This story is a follow on from the British Standard Fire Test of an earlier post. It is the story of how an attempt to be innovative with design in the aftermath of a major natural disaster foundered on the rocks of tick-box regulation.
Tag Archives: Australia
Calm solar cycle prompts questions about impact on Earth
First seen (by me) on the New Zealand Herald site.
Originally reported by Jean-Louis Santini (AFP)
Washington — The surface of the sun has been surprisingly calm of late — with fewer sunspots than anytime in in the last century — prompting curious scientists to wonder just what it might mean here on Earth.
The question that exercises my mind now is what this means for the global warming debate. Continue reading
I recently had the privilege to spend some time working with the people of Gunbalanya, a small community in West Arnhem Land, part of the ‘great top end’ of Australia. Whilst there I was taken on a tour of the ancient rock art galleries of Injalak Hill.
This is a brief visual diary of that experience:
Find out more about tours and local art at: http://www.injalak.com/
I’ve been inspired recently by genuine grass-roots community initiatives to regain control of their energy security as a buffer against increasing costs and supply disruptions through investment in cooperative style renewable energy. The City of Victor Harbor in South Australia in particular has made an impressive start – more below, but first some background.
There are conflicting claims about the greenhouse friendly nature of coal seam gas in Australia. In this article, Colin Hunt finds that the differences turn on assumptions about the quantity of gas that escapes to the atmosphere from coal seam gas operations and the gas’ global warming potential. He argues that both better measurement of the fugitive emissions of coal seam gas and an official update of its greenhouse potency are required. These recommendations have important implications not only for meeting Australia’s greenhouse targets but for the tax rates on emissions under the Clean Energy legislation.
The Question (from Florida): Are purchasing carbon offset credits really helpful to the environment? Where are the statistics these are actually a positive endeavour?
Lies, damned lies and statistics, to borrow from Mark Twain, seldom convince anyone who doesn’t agree with them in the first place. Proof positive of an environmental benefit is a long time coming in most cases. Unfortunately if we just ‘wait and see’ then it will definitely be too late to avoid harm.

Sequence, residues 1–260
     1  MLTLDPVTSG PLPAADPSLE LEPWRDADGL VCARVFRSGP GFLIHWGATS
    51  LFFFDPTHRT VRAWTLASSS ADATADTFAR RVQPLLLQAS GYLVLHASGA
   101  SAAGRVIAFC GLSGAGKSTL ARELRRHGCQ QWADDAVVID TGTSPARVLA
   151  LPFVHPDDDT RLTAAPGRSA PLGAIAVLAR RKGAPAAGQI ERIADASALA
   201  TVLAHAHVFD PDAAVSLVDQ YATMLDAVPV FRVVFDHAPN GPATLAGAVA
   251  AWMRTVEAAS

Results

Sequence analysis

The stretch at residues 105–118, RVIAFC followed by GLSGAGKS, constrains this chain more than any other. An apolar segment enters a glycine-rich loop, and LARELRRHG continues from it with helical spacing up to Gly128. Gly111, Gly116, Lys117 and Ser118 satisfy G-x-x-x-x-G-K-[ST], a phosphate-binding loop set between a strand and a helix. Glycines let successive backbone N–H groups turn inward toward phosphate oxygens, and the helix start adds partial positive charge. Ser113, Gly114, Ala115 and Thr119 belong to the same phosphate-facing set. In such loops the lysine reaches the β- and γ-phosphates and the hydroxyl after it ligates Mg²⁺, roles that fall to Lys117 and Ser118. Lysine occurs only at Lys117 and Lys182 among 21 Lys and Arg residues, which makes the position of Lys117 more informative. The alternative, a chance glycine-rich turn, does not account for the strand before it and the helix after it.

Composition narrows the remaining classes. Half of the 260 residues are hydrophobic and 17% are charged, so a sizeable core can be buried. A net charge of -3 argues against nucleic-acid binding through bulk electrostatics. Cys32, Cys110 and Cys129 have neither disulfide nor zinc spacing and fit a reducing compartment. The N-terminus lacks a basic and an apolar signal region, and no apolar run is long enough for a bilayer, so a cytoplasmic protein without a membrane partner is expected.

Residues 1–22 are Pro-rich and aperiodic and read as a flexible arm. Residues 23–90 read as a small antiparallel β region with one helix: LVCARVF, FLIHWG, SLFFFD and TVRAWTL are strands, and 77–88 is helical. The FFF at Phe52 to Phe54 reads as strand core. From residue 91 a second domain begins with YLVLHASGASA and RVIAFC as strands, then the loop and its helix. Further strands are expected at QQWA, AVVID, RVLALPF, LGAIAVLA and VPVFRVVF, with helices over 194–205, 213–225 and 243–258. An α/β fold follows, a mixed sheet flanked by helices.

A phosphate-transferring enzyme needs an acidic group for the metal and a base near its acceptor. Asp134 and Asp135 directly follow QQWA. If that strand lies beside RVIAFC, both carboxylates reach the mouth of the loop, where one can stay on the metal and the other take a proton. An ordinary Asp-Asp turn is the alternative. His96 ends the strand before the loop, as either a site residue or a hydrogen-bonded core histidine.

Last year in my post “parallel universe number one” I wrote about an imaginary world where the maximum speed of any powered road transport device is 30-km/h within urban areas. As a consequence the urban experience there is surprisingly different to that of our universe.
The post was never intended to be a learned discourse, rather I use a narrative style to make the points. A recent question on sustainable transport caused me to revisit it and I’m pleased to report that even after nearly a year the scenario still looks like a valid alternative to me!
I’d be delighted to hear your thoughts, if you can spare the half hour or so to read the original post.
Keep an eye out for Peda Pods too:
Artist Hans-Jürgen Schult has made garbage, or trash in the American idiom, the source material of his life’s work. His latest piece “Trash Hotel” develops his fascination with the detritus of modern life and takes it to a new and somewhat ironic apogee. His project has attracted an unlikely sponsor, the internationally top selling beer brand Corona Extra, who feature the hotel as part of their ‘save the beach’ campaign. Thanks to Mr Schult and with a nod to Planet Shifter Willi Paul, I’ve had a bit of a rethink about garbage.
Is it more sustainable for a company to build a brand new but eco-friendly office building, or to purchase an existing but not so eco-friendly property?
My Answer: Continue reading
How It Works
Walk Score calculates the walkability of an address based on the distance from your house to nearby amenities. Walk Score measures how easy it is to live a car-lite lifestyle—not how pretty the area is for walking.
What does my score mean?
Your Walk Score is a number between 0 and 100.
Here are general guidelines for interpreting your score:
- 90–100 = Walkers’ Paradise: Most errands can be accomplished on foot and many people get by without owning a car.
- 70–89 = Very Walkable: It’s possible to get by without owning a car.
- 50–69 = Somewhat Walkable: Some stores and amenities are within walking distance, but many everyday trips still require a bike, public transportation, or car.
- 25–49 = Car-Dependent: Only a few destinations are within easy walking range. For most errands, driving or public transportation is a must.
- 0–24 = Car-Dependent (Driving Only): Virtually no neighborhood destinations within walking range. You can walk from your house to your car!